2 : dummy variable =1 if period  is the second quarter in a year, 0 otherwise

3 : dummy variable =1 if period  is the third quarter in a year, 0 otherwise

−1 : the value of 1 Australian dollar in terms of US dollar at time −1

and estimated it using quarterly data from 1991Q1 to 2008Q2:

dlog( ) = 1071 (0037)

+ 0017 (00002)

− 0027 (0017)

1 − 0364 (0017)

2 − 0300 (0017)

3 − 0370 (0050)

−1

 = 109 2 = 0987

i. Explain what we can learn from the signs of the estimated coefficients of the three dummy

variablesandthe signof thecoefficientof −1 (noneedto interpret theirmagnitudes). (2 marks)

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ii. A tourism expert tells us that “as far as seasonal variation of tourism around its trend is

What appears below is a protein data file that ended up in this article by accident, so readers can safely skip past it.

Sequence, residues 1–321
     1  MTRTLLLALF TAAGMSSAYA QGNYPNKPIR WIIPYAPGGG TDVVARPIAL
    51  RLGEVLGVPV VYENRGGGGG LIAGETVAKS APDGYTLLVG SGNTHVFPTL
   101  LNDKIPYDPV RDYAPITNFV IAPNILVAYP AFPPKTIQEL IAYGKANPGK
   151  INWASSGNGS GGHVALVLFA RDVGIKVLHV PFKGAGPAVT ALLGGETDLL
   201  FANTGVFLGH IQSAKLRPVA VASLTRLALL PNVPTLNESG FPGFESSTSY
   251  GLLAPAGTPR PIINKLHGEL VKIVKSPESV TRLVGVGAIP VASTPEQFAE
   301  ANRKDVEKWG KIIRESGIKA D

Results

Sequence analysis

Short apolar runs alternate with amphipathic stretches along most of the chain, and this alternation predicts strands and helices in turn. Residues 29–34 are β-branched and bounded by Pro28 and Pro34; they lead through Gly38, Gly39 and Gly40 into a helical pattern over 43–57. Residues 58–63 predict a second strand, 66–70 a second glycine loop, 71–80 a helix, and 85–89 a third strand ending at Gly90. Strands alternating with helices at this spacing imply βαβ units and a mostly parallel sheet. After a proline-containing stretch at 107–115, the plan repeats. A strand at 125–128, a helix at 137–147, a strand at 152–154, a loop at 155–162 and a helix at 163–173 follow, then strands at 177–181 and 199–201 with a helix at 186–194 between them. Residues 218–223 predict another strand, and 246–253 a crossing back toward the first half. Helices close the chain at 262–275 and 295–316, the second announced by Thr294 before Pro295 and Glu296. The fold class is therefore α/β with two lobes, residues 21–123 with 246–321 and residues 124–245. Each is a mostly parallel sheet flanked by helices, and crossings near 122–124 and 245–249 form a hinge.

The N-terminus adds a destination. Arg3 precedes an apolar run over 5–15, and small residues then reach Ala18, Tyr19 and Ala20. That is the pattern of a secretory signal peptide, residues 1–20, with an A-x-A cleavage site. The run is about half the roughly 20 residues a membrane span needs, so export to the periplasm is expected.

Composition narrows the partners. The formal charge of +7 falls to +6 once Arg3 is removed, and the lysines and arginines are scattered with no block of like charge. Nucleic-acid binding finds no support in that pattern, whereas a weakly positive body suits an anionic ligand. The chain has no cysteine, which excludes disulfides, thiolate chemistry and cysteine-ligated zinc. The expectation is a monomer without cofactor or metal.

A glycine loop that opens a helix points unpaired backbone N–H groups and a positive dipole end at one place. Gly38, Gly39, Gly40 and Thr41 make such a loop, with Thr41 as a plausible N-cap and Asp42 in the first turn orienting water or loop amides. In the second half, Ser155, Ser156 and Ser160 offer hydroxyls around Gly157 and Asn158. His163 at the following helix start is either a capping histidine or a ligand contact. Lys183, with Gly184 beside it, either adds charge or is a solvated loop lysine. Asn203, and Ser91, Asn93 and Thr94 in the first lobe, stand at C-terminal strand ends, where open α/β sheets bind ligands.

concerned, there are only two seasons in Victoria, the cold season comprising 2 + 3,

and the hot season comprising 1 + 4”. Explain how you would use this data set to

test this hypothesis. To obtain full marks, you need to specify the null and alternative

hypotheses, the test statistic and its distribution under the null, and the regression or

regressions that you need to run to test this hypothesis.

(4 marks)

iii. Since we are using time series data, we suspect that the errors of equation (8) might be

serially correlated. To investigate that, we have obtained the correlogram of the residuals

of the estimated model.

iii.a. What are the consequences of serial correlation in errors for the OLS estimator of the

parameters and their usual OLS standard errors reported by statistical packages?

(2 marks)

iii.b. With reference to the correlogram of the residuals, explain how you would improve

model (8). Justify your answer.

(3 marks)

––––– END OF EXAMINATION –––––

Page 10 of 15

 

 

TABLE G.2 Critical Values of the tDistribution

1-Tailed: .10 .05

2-Tailed: .20 .10

1 3.078 6.314

2 1.886 2.920

3 1.638 2.353

4 1.533 2.132